On the so-called Scientific Ethics

- Yaman Ors, MD. DPhil,
Professor of Deontology and Medical History,
Department of Deontology, Ankara Medical Faculty, Sihhiye, 06100 Ankara, TURKEY

Eubios Journal of Asian and International Bioethics 9 (1999), 162-3.

The more or less regular reader of the EJAIB would have witnessed the rather frequent use of the term "Scientific Ethics" in its different parts, particularly in the news section. I am not sure about whether such a usage is peculiar to English or if we might see it as frequently in other languages as well. At all events, and given the fact that English has been the foremost linguistic medium in bioethics so far (as in the case of other academic fields in general), it seems that one could relevantly and justifiably consider the term from a critically methodological point of view, as I intend to do in the present context.

It may be that the coinage of the term "scientific ethics" in English has been due to finding a parallelism with "medical ethics", apparently a basically established term with a clear or unequivocal meaning. But I believe that those "bioethicists", who seem to use the former uncritically, disregard the semantic fact that the term may have at least two main senses. On the one hand, it would, and does, mean "the ethics of scientific activity", or simply "science ethics". The latter does indeed express, already, what is actually intended by the term "scientific ethics". On the other hand, however, it could, and in methodological terms indeed does, imply that there would actually be a scientific ethics in the sense that ethical utterances are very similar to if not identical with propositions on matters of fact as mental-linguistic units. And this is allegedly taken to be one of the main supports of that metaethical view in philosophy which is called "ethical objectivism".

A related term in this context is "ethical theory", one which seems to have been really engrained in the minds of the methodologically uncritical traditional philosophers. The underlying approach here has even been taken for granted, evidently, by the majority of those bioethicists whose original background has not been philosophy. And with a very similar and unjustifiable use of such related terms as "ethical law", "ethical knowledge", "ethical truth" and so on, the metaethical considerations and moral justifications of the traditionally minded thinkers in the circles of ethics and bioethics are as a rule based, in my view, on nothing but quasi solid grounds. I think that such methodologically grave errors in moral philosophy, not of recent origin to be sure, are basically due to a mistaken conception of philosophy as a whole. Instead of conceiving the business of contemporary philosophy as one of critical conceptual-semantic-logical analysis and interpretation, the traditionally minded thinker sees his/her conceptual product as something similar to if not totally identical with that of (social) science. Hence, evidently, Ethical Theory as concept, and Ethical Objectivism as a metaethical stance.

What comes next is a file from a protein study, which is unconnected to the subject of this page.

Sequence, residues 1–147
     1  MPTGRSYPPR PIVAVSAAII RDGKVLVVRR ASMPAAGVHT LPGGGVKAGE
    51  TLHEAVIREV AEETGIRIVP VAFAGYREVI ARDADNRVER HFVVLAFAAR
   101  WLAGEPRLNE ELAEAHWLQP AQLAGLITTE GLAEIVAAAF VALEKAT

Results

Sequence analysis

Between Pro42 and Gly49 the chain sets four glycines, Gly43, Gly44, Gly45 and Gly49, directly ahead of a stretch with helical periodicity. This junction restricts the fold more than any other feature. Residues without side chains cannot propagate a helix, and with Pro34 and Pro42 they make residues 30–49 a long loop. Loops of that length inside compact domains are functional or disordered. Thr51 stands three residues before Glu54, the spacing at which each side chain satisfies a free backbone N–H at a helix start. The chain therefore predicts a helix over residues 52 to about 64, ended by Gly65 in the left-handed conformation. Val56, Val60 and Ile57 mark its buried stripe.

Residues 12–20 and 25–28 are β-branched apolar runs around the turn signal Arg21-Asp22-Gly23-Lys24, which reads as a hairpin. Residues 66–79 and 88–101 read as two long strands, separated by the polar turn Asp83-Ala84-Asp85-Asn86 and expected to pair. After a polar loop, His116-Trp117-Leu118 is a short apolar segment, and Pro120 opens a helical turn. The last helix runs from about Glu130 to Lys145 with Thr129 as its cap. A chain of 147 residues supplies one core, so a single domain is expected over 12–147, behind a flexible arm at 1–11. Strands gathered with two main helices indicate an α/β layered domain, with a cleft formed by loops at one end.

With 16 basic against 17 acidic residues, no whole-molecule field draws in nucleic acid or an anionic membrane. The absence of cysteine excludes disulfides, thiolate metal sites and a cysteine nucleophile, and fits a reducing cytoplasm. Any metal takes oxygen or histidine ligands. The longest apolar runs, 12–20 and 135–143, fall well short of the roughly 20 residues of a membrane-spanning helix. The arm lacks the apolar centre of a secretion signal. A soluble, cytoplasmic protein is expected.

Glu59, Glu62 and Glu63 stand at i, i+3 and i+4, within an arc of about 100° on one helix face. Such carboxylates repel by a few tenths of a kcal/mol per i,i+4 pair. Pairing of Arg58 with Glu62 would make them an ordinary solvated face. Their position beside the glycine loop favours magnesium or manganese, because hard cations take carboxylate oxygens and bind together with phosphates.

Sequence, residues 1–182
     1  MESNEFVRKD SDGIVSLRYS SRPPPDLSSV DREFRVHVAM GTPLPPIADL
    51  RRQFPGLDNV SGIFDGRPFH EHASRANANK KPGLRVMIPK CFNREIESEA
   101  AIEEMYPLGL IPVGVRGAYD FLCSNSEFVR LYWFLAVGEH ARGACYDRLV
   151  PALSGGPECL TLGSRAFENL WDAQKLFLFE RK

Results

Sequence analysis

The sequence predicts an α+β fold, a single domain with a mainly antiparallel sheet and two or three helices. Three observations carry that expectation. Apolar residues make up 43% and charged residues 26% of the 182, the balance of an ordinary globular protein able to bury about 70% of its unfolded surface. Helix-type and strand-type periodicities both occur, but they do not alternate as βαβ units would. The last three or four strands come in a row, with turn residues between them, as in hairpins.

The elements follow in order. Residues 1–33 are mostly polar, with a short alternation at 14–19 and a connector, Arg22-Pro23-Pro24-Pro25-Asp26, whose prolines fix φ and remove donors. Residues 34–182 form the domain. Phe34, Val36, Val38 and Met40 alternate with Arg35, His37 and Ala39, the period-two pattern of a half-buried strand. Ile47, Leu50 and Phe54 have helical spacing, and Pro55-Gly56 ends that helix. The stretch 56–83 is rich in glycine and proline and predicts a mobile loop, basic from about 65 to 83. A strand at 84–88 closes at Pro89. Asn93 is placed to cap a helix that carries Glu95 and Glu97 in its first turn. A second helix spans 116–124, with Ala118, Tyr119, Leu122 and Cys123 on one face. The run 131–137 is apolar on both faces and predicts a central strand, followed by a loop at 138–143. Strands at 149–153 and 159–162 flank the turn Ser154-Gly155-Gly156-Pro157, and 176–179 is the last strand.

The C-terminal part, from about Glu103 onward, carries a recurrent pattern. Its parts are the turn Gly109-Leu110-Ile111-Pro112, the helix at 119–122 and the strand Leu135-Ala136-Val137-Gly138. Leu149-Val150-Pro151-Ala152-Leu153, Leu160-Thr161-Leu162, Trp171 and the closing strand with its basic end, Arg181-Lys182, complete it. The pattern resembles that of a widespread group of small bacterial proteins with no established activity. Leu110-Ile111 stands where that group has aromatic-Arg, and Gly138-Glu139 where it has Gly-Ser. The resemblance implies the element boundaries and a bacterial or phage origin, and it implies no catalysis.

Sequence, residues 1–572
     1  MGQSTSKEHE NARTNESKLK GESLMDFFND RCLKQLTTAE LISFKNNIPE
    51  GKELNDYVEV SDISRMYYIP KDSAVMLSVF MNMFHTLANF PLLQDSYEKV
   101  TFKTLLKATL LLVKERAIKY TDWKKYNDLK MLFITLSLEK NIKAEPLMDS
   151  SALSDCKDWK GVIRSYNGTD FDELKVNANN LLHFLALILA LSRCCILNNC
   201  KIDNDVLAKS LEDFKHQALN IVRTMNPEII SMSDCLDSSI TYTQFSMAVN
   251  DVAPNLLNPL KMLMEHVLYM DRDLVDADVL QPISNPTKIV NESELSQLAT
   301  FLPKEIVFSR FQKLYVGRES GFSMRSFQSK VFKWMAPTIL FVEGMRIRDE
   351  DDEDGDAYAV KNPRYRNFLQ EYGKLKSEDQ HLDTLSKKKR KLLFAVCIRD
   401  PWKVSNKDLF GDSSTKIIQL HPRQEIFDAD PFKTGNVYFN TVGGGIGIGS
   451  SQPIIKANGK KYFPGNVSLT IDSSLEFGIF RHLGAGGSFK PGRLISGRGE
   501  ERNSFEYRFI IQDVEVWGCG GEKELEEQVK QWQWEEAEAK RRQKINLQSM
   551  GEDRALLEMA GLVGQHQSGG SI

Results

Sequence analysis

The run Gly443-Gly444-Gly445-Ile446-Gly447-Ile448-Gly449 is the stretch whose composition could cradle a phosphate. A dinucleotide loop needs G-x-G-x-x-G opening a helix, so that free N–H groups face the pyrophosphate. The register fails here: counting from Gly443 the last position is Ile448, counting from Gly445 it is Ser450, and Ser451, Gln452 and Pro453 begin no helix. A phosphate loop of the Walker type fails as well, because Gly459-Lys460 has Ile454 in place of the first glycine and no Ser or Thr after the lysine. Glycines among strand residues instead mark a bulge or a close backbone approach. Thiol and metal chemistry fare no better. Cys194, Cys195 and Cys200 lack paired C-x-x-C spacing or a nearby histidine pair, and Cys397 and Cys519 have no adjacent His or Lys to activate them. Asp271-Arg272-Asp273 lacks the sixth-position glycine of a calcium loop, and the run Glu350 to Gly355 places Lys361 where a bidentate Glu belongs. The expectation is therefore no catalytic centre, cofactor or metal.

As it appears to be the case in our time, philosophical views, doctrines, approaches, tendencies, and what not, cannot be termed "theories" in the first and foremost sense of the term. This is because in this sense it means, necessarily I think, a Scientific Theory as a conceptual framework and with a function to pave the way for systematic observation, measurement, calculation, experimentation, reasoning and other empirical and/or mental scientific operations with a view to explaining the immense variety of phenomena at different levels of organization in the world.

The formulation of theories in relation to our moral idealizations, as in the case of other subjects as topics of scientific interest, is therefore not the business of philosophy but of sciences, more explicitly of social/human sciences, represented, more typically in the present context, by such fields as sociology, psychology and social psychology. The basic rationale underlying the view that our moral values have an objective status must evidently go parallel with the claim that there can be Ethical Truth very similar to empirical truth. According to the view called Ethical Objectivism, the truth of what is asserted by some ethical sentence is independent of the person who uses this sentence, the time at which he uses it, and the place where he uses it. It seems that moral assertions would then assume, if they are assertions at all, qualities like those of scientific propositions, above all, perhaps, that of verifiability-falsifiability.

On the subjective or subjectivist view to be defended here, and as different from arbitrariness, relativism and emotionalism, our moral values are our wishes about human action. Ultimately they are our moral idealizations with qualities of expressibility, discussibility, criticizability, changeability, redefinibality; and which are in principle defendable, hence objectifiable in the sense that they are (linguistically) reasonably exteriorizable.

If one thinks, in accordance with the objectivity claim in ethics, that what one believes to be "ethically true" has a directly objective, empirically valid status, then one would in principle have the right to expect an almost thorough inter-subjective consensus in bioethical and, generally speaking, moral matters. It would also follow, from a pedagogical point of view, that the teachers of ethics and bioethics should have the self-expectation of conveying the "ethical knowledge" to their students (and the "general audience") through "ethical theories and laws", because it is "the science of ethics" for whose teaching they are academically/professionally responsible. So far as the general state of affairs in human life are concerned, however, this appears to be quite in opposition to what is actually the case - great variety and differences in moral idealizations between individuals, professional groups, socioeconomic classes, cultures, societies, and so on. Students of bioethics are indeed confused, evidently, as they most sincerely try to reconcile ethical objectivism with differences in such social and/or political, basically axiological concepts as democracy and justice, individuals'and groups'political tendencies, and so on; or with differences of opinion among thinkers or their teachers, for that matter.